The purpose of AdminSDHolder is to prevent a specific attack scenario. All objects including OUs in Active Directory have an ACL. With delegation or assigning appropriate permissions to a user, the user can have write access to anything inside of a specific OU. These ACLs can also be changed by anyone with permissions to do so. By default, only administrators have the necessary permissions to do this; however, Active Directory was designed to be scalable, to be used in large, disparate environments and to support many delegation scenarios. When you delegate control to users and/ or groups (essentially, set permissions on objects for these users and/ or groups) you increase the likelihood of giving non-administrative users permissions to modify attributes, permissions, etc. on administrative accounts.
For example, think of a scenario in which a group is delegated control over an OU and in that OU resides several members of the domain admins group. Depending on the permissions defined on the OU, this group that have had permissions delegated to it could be able to change the members of the domain admins group.
Considering another scenario, if an admin account is moved to an OU that a non-admin has rights to, he could give himself privileged access to the admin account. It would be a grave security hole if any user with permissions to change group memberships on all user objects in an OU were to be able to modify the administrative users. With AdminSDHolder existing, the system tries to prevent this from happening by continuously refreshing the ACL on an admin account.
What can we do if encountering issues related to AdminSDHolder?
A benefit of AdminSDHolder is how you can use it to modify the ACLs of privileged accounts. This comes in handy when you want to do something such as give only a particular group the ability to reset passwords on admin accounts. You would just add the "Reset Password" ACE to ACL of the AdminSDHolder container and the ACL change would be populated during the next refresh cycle. Although it’s possible to correct issues by modifying the ACL on the AdminSDHolder object itself, that procedure is usually not advisable, as any mistake could quickly be propagated to the protected objects. In addition, when the ACL is viewed using the standard AD Users and Computers MMC snap-in, only a subset of possible ACEs is available, because the AdminSDHolder object is a container (and therefore, certain group and user object ACEs are unavailable); to set more advanced permissions, one would need to script a solution or use the dsacls.exe utility.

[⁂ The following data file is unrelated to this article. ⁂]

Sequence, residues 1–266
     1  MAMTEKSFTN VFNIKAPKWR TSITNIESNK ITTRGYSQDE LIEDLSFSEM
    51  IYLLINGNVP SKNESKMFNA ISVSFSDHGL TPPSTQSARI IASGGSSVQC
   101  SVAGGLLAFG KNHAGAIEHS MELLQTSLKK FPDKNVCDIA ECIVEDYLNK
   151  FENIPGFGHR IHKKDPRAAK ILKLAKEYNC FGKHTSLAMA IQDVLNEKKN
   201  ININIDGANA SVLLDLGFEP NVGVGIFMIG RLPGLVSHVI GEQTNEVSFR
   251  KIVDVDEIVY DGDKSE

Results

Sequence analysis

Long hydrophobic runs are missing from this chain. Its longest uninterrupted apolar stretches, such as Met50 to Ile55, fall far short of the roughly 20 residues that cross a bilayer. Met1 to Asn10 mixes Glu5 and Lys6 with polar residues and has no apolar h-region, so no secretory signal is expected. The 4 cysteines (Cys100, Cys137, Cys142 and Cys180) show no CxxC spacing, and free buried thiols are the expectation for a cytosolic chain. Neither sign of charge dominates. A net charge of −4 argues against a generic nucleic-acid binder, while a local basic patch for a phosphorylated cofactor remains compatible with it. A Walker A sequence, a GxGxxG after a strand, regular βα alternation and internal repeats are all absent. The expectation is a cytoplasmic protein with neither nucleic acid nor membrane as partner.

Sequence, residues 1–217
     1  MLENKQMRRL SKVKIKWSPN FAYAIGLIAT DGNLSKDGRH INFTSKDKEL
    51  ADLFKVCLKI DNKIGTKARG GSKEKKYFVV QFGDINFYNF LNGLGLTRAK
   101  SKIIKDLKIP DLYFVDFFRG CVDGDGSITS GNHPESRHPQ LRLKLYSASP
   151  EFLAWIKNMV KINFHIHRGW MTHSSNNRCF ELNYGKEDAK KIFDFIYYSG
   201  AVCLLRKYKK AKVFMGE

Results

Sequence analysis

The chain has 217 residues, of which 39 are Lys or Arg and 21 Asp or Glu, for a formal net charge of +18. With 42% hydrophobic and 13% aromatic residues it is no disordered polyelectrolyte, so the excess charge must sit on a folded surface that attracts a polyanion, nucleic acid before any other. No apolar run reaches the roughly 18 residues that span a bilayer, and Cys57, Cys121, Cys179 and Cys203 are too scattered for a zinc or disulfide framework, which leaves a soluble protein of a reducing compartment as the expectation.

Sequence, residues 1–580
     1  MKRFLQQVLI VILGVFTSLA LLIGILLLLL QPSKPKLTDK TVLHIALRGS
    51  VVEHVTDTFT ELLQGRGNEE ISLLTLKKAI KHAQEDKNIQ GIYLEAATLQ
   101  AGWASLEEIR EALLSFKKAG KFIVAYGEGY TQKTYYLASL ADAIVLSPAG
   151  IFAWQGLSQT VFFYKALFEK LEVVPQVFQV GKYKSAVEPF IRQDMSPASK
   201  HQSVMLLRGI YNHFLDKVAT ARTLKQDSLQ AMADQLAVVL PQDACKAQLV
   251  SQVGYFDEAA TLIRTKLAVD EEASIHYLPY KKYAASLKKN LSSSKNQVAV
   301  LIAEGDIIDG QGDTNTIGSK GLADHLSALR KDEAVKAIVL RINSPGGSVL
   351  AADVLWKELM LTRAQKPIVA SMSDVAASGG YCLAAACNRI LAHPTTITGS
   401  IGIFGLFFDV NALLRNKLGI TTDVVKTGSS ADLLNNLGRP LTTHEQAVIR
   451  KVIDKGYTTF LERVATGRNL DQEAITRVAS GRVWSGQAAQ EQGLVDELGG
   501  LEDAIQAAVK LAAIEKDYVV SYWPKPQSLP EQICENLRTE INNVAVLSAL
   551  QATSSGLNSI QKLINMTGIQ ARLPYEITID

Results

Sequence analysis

As a resolution, you can remove certain less-secure groups from AdminSDHolder protection by installing the hotfix and following the instructions here:
Delegated permissions are not available and inheritance is automatically disabled
You can also try other workarounds mentioned in above article. For more information on AdminSDHolder or delegation administration, view the following KB article or link:
AdminSDHolder Object Affects Delegation of Control for Past Administrator Accounts
Additional recommendations for AD administration:
· Usually you should avoid using administrative accounts for the daily routine. Use a regular user-account, and just start administrative applications (such as Active Directory-Users and -Computers) with administrative credentials (via RunAs or Context-Menu, Open with…).
· Check the box to inherit permissions when removing those users out of the protected group manually, or use a script described in http://support.microsoft.com/?id=817433 to check your users.